It was a national disaster. The tragedy took 23 lives amongst which eight were “Babes”. The city of Manchester was shell shocked, so was the rest of the world. There were no eyes left dry at the airport when the bodies of their next-door kids returned inside coffins. The whole world was mourning and everyone was in search of someone to point their finger to and so James Thain became the scapegoat. The first investigation report from the German authorities contributed to the public perception significantly. The report claimed “The aircraft was covered with snow about 8 centimeters thick; this could have been brushed aside. The ice was frozen firmly at the wings[6] and with that they had placed the complete blame on Thain. In support of this claim they also produced a casual snapshot taken by a United fan at the terminal that showed the aircraft after the second take-off failure and there appeared to be a white patch on the aircraft which the investigators claimed was snow.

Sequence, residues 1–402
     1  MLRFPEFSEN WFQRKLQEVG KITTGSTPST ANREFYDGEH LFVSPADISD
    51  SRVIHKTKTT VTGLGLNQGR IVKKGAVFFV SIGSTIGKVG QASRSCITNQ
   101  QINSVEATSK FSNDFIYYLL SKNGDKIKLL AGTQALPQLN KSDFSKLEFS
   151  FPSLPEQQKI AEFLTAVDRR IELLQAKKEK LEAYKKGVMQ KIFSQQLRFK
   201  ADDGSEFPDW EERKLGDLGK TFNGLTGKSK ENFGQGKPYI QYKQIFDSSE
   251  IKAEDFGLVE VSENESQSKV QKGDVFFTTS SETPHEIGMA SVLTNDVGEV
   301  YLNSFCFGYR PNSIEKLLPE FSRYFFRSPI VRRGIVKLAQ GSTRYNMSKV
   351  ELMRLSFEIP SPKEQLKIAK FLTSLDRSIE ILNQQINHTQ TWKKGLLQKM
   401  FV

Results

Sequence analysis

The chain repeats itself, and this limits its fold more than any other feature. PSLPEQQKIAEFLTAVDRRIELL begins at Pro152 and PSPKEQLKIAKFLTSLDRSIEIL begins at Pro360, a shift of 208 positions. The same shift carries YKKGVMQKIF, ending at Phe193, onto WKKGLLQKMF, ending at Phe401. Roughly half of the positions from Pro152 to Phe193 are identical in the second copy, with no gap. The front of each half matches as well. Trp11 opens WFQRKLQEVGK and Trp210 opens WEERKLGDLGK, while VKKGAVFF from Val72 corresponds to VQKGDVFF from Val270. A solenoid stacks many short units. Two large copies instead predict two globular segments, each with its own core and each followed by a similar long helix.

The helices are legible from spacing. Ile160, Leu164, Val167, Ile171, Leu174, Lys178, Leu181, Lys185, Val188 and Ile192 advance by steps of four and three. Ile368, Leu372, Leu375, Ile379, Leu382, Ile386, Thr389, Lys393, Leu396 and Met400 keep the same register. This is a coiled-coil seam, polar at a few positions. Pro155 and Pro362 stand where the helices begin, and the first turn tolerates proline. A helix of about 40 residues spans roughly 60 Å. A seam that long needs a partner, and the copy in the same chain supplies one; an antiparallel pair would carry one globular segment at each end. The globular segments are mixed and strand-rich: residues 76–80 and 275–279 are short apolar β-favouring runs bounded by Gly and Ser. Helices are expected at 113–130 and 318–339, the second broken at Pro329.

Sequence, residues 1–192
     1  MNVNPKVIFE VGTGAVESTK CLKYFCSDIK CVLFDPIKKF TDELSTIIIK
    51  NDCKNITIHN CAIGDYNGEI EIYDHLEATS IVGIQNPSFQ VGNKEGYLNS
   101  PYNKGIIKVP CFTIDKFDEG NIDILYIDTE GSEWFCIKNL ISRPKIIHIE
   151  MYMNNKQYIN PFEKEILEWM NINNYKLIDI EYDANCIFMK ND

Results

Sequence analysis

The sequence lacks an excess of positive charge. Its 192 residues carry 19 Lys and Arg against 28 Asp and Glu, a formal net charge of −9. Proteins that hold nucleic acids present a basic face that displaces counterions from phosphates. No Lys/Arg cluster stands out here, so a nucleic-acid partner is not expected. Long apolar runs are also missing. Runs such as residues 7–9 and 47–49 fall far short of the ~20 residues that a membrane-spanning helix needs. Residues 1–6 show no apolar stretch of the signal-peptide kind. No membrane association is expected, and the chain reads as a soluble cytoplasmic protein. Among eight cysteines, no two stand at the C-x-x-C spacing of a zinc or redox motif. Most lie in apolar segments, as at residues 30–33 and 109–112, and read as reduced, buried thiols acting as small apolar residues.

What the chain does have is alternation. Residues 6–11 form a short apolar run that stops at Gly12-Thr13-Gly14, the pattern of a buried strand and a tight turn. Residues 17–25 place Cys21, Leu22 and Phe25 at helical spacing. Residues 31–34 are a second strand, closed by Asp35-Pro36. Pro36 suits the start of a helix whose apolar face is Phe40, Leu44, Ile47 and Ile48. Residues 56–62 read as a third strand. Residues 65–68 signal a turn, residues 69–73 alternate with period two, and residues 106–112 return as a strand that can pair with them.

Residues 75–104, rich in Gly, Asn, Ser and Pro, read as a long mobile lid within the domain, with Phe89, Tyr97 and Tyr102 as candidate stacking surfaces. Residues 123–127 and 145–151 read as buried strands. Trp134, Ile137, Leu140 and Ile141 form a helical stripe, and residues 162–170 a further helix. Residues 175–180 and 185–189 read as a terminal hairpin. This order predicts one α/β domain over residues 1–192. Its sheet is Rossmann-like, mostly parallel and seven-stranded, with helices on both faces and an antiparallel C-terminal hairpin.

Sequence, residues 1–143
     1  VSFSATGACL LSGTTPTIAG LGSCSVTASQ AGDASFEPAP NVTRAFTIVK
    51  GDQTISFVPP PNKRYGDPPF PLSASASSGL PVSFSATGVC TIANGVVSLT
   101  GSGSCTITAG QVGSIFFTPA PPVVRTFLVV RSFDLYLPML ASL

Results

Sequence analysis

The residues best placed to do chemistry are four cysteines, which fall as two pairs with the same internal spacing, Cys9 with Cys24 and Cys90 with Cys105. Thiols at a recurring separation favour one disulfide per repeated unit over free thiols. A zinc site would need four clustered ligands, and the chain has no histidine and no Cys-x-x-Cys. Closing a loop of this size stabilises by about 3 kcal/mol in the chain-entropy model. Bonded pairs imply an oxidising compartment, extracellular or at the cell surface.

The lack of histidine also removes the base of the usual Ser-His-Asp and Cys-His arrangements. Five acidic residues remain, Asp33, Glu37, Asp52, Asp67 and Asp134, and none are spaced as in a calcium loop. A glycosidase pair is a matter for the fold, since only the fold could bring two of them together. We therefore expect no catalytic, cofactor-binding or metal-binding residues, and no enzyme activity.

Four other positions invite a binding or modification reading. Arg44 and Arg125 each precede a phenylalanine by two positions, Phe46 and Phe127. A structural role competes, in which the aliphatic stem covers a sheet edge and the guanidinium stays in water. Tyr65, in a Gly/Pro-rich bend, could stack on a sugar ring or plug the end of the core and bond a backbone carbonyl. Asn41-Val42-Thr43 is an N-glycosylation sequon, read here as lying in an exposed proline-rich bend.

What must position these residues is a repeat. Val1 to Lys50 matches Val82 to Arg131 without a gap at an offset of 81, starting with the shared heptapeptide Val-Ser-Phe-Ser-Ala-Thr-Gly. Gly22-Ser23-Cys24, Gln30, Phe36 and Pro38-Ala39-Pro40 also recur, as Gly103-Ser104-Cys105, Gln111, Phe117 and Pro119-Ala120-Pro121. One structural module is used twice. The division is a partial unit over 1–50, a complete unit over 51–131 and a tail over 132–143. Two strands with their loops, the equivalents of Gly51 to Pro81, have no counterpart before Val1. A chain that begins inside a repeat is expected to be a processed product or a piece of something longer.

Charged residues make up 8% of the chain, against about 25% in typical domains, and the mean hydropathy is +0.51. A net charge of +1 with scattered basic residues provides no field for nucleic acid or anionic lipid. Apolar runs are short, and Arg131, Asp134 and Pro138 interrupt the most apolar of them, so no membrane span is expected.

James Thain saw the world in two colours, black and white. There were no shades of grey for him. He emphatically did not accept the blame rather started his fight for the truth, to prove his innocence. The next blow came on the Christmas morning of 1960. Thain was notified of his dismissal from BEA for a breach of their regulations in that he had changed seats with his first officer, Captain Kenneth Rayment. It was permissible for the captain to allow his first officer to fly the aircraft provided the first officer was fully qualified. The first officer could act as “pilot in charge” and fly the plane while the captain took the role of co-pilot, but the captain remains in command. However, BEA forbade the captain and first officer to change seats hence the termination from service. In order to make both ends meet, Thain’s wife had to find a new job. Their daughter was only seven years old when the incident happened and now she had become a victim of regular bullying. “I was bullied and tormented at school over dad’s involvement with Munich. It was very upsetting and difficult to avoid. Children can be very cruel.”[8] – she recalled. Thain refused to give up though. He decided to launch his own investigation. The situation got worsened when British Ambassador tried to suppress the flow of the investigation as he feared that it would severely affect the diplomatic row between the two countries. At a secret meeting of ministers in April 1969, the attorney general, Sir Elwyn Jones, said that “a report which made an attack on the German inquiry would be an unhappy outcome[12]. The Foreign Office minister, Lord Chalfont, cautioned that “we could not connive at the suppression of evidence even if it meant some damage to our relations with Bonn.[13] James Thain’s repeated claims for justice remained unheard for years until British Prime Minister Harold Wilson commented that he believed that Thain “has been unjustly treated since that day[9]. With the help of aviation experts, Thain pointed out the fact that ice on the wings of the aircraft could not possibly affect the reduction of speed in such manner. Eyewitness’ claims also supported the theory. The investigation took a decisive turn with James Thain’s wife’s observation. She witnessed that massive amount of fire extinguishing chemicals sprayed on the aircraft melted the snow. With scientific evidences of the fact, a new side of the story started revealing itself. The resilient Germans did not want to re-open the case files but Harold Wilson made sure that the fact checking would be done under the lights once again and justice would be served to those who deserve it.